We have entered the second month of nearly all U.S. salons being closed as a result of the country’s effort to “flatten the curve” of COVID-19’s spread by way of social distancing. And while there are talks of starting to open businesses back up, it remains to be seen if salons will be included in that first wave of openings. Initially, May 1 was the optimistic date for this to begin, but Georgia has announced allowing salons to open as early as this week so there is hope.
Although the impact of this pandemic and results of the unprecedented actions being taken are impossible to predict, Kline PRO: Salon Retail Products and Services Database takes a deep dive into the actual product sales and services performed from a nationally representative sample of independent salons. The database is updated on a quarterly basis and offers the ability to view information by month. Measures include service transactions and revenue as well as product sale revenue and volume.
Initially, the overall impact will be obvious in the unavoidable drop in revenue. Based on data from March and April 2019, that would be just shy of $9 billion for those two months alone. Add the month of May, which has historically shown the highest revenue (thanks to Mother’s Day and prom season), and the blow will be even more painful.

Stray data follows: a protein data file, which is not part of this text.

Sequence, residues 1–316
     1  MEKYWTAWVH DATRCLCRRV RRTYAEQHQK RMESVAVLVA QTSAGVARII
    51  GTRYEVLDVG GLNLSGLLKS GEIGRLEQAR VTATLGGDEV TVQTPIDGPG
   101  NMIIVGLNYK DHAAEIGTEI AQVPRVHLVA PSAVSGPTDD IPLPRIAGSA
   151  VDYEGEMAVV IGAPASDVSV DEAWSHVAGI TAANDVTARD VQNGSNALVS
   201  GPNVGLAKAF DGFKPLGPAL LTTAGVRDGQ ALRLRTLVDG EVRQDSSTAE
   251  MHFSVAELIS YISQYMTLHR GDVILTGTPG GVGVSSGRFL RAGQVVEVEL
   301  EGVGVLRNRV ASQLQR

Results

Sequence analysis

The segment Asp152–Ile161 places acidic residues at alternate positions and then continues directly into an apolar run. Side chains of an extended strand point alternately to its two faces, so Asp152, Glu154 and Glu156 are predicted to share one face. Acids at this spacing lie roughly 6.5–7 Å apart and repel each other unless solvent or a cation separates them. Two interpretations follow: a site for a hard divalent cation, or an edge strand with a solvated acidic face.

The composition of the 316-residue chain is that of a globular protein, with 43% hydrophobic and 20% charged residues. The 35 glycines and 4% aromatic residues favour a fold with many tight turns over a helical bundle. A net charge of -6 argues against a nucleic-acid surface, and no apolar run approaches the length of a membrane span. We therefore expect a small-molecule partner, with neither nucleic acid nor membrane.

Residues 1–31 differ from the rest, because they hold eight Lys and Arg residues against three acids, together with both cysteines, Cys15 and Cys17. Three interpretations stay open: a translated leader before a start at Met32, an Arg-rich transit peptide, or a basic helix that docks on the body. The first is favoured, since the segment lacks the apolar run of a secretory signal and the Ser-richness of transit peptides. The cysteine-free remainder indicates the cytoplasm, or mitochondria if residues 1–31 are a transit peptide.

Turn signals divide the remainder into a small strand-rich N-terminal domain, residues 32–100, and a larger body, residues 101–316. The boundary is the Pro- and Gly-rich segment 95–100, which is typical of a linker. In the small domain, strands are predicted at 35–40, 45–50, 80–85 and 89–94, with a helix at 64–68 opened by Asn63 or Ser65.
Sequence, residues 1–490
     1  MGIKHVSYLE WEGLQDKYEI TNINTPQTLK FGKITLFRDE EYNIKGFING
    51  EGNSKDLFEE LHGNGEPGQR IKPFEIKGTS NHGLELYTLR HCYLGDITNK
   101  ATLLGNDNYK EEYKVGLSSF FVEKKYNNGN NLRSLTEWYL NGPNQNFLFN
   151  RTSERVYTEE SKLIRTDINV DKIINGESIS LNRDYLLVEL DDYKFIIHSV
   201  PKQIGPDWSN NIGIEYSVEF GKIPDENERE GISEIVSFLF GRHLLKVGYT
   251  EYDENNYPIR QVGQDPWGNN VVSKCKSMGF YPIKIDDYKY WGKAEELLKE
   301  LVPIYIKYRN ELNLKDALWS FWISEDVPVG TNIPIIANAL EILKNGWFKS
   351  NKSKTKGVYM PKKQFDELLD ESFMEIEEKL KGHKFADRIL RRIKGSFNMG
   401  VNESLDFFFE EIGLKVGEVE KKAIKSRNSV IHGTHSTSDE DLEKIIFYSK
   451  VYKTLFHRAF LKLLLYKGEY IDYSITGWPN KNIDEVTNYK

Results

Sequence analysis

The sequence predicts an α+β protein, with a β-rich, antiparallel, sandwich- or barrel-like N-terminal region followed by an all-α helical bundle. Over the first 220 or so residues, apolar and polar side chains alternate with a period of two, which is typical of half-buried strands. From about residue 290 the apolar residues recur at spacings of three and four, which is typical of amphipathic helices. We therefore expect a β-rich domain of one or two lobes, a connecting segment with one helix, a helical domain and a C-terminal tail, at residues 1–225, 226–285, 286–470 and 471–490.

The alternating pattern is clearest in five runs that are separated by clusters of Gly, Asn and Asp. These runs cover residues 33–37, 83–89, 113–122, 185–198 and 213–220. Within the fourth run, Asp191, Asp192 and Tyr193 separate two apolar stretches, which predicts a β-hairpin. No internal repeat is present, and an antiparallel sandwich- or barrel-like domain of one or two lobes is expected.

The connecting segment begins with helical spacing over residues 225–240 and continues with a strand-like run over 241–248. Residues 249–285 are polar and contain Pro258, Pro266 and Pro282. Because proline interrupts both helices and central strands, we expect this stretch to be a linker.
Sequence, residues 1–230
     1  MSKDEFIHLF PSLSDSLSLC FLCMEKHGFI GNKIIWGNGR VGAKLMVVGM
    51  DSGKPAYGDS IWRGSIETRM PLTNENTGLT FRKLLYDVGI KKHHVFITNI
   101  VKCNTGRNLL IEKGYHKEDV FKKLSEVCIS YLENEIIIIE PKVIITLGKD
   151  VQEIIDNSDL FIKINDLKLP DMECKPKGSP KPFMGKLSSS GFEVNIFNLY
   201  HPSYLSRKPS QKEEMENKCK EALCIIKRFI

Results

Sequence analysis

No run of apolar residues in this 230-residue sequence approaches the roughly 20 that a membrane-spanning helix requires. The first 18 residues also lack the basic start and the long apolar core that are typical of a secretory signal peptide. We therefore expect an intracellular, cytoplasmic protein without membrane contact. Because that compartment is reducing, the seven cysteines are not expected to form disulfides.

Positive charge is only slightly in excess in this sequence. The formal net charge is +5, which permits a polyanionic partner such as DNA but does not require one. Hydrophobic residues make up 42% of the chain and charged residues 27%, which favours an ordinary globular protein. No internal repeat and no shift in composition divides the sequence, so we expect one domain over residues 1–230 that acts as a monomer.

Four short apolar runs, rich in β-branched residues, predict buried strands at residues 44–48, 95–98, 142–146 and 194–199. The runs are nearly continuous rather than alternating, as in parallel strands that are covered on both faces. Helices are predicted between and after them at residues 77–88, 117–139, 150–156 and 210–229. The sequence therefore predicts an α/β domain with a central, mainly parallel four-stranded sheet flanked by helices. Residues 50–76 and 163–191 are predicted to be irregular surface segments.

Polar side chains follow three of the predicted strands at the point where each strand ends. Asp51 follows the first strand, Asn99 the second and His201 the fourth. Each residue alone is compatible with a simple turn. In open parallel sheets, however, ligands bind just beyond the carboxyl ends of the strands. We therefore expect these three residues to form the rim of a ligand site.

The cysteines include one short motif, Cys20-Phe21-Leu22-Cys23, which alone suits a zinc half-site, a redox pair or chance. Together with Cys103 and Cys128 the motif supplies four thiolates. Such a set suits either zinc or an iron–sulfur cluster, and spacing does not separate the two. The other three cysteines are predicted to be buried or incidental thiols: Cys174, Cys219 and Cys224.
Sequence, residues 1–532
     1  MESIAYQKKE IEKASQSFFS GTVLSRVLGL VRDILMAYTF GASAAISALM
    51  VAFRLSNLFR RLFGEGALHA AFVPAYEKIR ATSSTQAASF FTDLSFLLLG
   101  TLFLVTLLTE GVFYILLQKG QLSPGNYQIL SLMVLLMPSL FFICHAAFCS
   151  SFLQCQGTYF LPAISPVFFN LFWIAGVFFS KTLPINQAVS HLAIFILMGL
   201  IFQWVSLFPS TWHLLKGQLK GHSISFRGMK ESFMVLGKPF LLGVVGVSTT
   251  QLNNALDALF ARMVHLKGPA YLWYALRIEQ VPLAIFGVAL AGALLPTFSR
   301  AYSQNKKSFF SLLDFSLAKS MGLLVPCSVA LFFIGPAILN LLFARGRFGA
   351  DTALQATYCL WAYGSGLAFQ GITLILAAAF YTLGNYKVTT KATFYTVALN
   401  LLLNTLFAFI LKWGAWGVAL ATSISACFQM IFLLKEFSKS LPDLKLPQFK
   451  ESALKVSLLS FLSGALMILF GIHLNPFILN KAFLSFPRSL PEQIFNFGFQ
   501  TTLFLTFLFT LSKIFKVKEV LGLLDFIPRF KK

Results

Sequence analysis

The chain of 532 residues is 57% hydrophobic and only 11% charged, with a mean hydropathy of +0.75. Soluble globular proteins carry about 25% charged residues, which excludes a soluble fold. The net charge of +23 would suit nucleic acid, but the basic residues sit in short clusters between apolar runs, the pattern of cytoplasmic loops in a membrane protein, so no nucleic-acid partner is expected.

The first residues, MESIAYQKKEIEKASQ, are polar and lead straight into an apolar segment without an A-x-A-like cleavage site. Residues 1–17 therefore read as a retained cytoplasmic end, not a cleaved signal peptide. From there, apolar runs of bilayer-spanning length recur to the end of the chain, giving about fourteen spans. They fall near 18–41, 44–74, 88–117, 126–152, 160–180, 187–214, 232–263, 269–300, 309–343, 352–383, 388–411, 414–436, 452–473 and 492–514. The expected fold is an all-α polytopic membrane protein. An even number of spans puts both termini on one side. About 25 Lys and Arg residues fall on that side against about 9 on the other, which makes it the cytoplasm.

There’s no doubt that revenue stream is of the utmost importance, but it will be interesting to see how specific product categories and services recover and, ultimately, the professional salon industry as a whole. Will indie brands such as Amika, evo, Kevin.Murphy, and Surface, which were showing such growth in 2019, be able to sustain? Is today’s inability to visit a salon creating a “new normal” that will carry over once salons are permitted to open? Perhaps consumers are washing hair less frequently, needing less shampoo and conditioner; or, it may turn out, gray hair doesn’t look so bad after all. Or maybe that box color they used to hide their roots is good enough.
Hopefully, salons will be able to successfully endure this unforeseen interruption in business and reopen once restrictions are lifted. Hopefully, too, absence has made the heart grow fonder, and clients will return to support their stylists and salons.
To access the latest performance data on the professional salon industry, please refer to Kline PRO: Salon Retail Products and Services Database report and database. On a quarterly basis, we collect point of sale transactions from a panel of thousands of salons to provide first-hand data and insights on various product categories and sub-categories as well as service levels.